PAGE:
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74 of 82 people found the following review helpful
5.0 out of 5 stars Brilliant remake of "Infernal Affairs"
It's a tricky business adapting a foreign movie for an American audience. Martin Scorsese's "The Departed" captures all the best elements of the original film "Infernal Affairs" and works traditional Scorsese themes and material into the film making it very much his own and every bit the equal to the Chinese film. Featuring outstanding performances all around perhaps this...
Published on October 13, 2006 by Wayne Klein

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8 of 11 people found the following review helpful
2.0 out of 5 stars A departure
Like many of us, I'm in awe of Martin Scorsese's talent. There is no doubt that he is one of the world's premier story tellers and I'm a huge fan. He'd already won the Academy award for Best Director before I saw the film and even though I hadn't seen it, I thought it was well-deserved and long overdue praise. Needless to say, when I saw it listed as a film choice, while...
Published on April 29, 2007 by Dextra L. Suggs


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74 of 82 people found the following review helpful
5.0 out of 5 stars Brilliant remake of "Infernal Affairs", October 13, 2006
It's a tricky business adapting a foreign movie for an American audience. Martin Scorsese's "The Departed" captures all the best elements of the original film "Infernal Affairs" and works traditional Scorsese themes and material into the film making it very much his own and every bit the equal to the Chinese film. Featuring outstanding performances all around perhaps this film will finally earn Scorsese the Oscar for Best Director that he deserved for "Raging Bull" over twenty years ago.

Two state trooper academy graduates one an undercover officer named Billy Costigan (Leonardo DiCaprio) and a mole in the department Colin Sullivan (Matt Damon) working for crime lord Frank Costello (Jack Nicholson)have opposite goals. Captain Queenan (Martin Sheen) and Sgt. Dignam (Mark Wahlberg) charge Costigan with gathering as much dirt as possible on Sullivan so they can finally take him out. They work up a false history for Costigan which includes a brief stint in prison to create credibility. By comparison Sullivan is a boy scout who rises to the top of his department rapidly working for Ellerby (Alec Baldwin)in a rival department. Both are charged with ferriting out the mole in their respective organizations and both are romancing the same woman (Vera Farmiga) without ever meeting.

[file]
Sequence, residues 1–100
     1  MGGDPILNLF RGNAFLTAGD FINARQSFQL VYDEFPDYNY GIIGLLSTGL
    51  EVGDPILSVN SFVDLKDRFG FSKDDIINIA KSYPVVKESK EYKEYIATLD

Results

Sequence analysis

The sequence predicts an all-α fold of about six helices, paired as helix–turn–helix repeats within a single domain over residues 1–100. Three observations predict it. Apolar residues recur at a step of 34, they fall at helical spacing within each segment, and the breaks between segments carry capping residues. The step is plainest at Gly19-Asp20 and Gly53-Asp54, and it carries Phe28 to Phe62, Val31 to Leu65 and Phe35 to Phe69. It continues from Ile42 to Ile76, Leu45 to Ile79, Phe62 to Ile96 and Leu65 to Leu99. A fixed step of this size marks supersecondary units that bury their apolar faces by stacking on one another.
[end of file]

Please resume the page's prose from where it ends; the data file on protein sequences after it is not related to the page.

It's a brilliantly constructed game of cat and mouse with each playing the respective role at one point in time. Filled with brilliant visuals that echo the themes of the script adapted by William Monahan ("Kingdom of Heaven")from the script by Siu Fai Mak and Felix Chong the film manages to stay true to the elements that worked best in the Chinese film while incorporating elements unique to "The Departed". DiCaprio and Damon give complex, compelling performances as opposite sides of the same coin. Nicholson plays Costello with psychopathic intensity at times without going too far over the top. The entire cast gives stellar performances but I'd like to note tree actors in particularly who do the most with their limited roles--Alec Baldwin, Martin Sheen (who replaced two other actors that had to drop out--Robert DeNiro and Gerard McSorley)and Mark Whalberg all three give intense performances and inhabit their characters fully. Vera Farmiga handles her role of Madolyn equalling the big boys despite the fact that her character isn't given as much screen time by comparison. Special note should also be made of actor Ray Winstone ("The Proposition", "King Arthur" and "Cold Mountain") who gives a nice edgy performance as Mr. French.

The film runs 2 hours and 22 minutes. Scorsese uses every minute to allow the actors to build their characters or for brilliant set pieces. The film does sag a bit towards the middle but that's partially due to its complex set up for the story during the first twenty minutes of the film.
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50 of 56 people found the following review helpful